‘…operates as a “defeat device” against real democracy…
‘Congress has two sources of legislative input: activists and lobbyists. The activists come for power; the lobbyists, money.
‘Activists are Democrats; lobbyists are whores.’
This is funny, and there is at least some truth to it, but it is also something of a coping mechanism for conservatives who don’t want to accept that their purported savior is an enormous egotist surrounded by an army of grifters who had little interest in pursuing real change to begin with. Change has to become at home.
A second more fundamental question for the Moldbug project is, power to what end? For someone who appears as if he could write 10,000-word shopping lists, Moldbug is strangely reticent on what its point should be. I suspect that he explained its primal urge most lucidly in his debate with Auster, where he said:
‘My concern is that this system is degrading monotonically. In the lives of those now living, it provided A or at least A- service. Furthermore, we know exactly what C government, D government, and F government look like, because we see them all around us in current history. I do have posterity, and I want to secure the blessings of good government for them. I don’t want to see them raped and killed by human orcs.’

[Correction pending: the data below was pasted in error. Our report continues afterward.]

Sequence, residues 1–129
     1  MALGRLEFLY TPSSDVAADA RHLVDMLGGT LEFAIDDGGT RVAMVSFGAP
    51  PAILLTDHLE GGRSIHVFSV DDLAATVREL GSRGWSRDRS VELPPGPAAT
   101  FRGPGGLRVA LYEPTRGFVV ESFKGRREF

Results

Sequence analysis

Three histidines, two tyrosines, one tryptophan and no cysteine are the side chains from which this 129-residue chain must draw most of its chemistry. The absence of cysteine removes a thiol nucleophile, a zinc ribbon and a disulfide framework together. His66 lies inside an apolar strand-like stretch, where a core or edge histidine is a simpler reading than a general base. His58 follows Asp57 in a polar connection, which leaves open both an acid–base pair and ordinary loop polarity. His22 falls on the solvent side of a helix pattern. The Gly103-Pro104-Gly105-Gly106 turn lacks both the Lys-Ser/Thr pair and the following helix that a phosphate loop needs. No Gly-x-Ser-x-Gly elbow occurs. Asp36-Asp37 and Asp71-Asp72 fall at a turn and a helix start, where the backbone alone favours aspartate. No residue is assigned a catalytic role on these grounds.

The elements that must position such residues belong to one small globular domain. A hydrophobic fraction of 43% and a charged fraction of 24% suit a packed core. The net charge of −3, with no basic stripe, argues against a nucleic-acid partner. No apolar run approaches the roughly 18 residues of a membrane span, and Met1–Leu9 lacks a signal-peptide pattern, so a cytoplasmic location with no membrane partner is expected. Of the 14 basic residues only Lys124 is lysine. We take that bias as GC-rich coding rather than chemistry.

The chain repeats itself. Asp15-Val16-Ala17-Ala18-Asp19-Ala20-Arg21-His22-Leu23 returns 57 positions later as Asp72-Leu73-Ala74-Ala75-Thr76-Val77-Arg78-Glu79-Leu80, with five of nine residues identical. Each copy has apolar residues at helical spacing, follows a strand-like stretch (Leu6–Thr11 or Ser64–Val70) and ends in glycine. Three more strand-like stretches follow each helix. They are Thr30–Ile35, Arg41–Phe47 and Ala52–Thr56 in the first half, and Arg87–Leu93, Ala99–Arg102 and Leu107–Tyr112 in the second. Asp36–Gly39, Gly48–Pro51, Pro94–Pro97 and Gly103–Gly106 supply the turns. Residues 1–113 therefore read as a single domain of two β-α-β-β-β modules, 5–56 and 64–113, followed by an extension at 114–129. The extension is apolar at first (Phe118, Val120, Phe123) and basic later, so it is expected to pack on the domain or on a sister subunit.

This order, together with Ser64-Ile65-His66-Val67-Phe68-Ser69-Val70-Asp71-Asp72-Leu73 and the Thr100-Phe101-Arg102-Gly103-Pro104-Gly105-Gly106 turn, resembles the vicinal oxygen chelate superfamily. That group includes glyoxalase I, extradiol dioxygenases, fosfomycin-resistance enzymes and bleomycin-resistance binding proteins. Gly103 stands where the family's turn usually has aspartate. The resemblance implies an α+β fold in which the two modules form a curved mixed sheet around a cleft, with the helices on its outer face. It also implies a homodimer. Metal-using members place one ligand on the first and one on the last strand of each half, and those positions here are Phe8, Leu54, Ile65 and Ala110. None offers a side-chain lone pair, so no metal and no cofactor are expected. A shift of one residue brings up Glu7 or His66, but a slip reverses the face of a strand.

I do not think he was just talking about literal rapists and murderers, but also about communists taking his property and activists meddling with his business. Still, this is just libertarianism baked into a different shell – a Whiggish attitude towards elite innovation in a reactionary crust.
Moldbug is fond of using ‘pill’ metaphors. He liked ‘the red pill’, to refer to unpopular truths, and now he likes ‘the clear pill’, to refer to clearing one’s mind of biases. Well, medication has its uses of course, but at its worst it can offer quick, superficial solutions to deep underlying problems. This might sound like an absurd complaint to make of Moldbug, who explores the roots of power in agonizing detail, but knowing what to do with power demands knowing it means to be a social animal and that is especially relevant to Moldbug and his Silicon Valley admirers as they analyze new means of transforming our way of life and, indeed, man itself.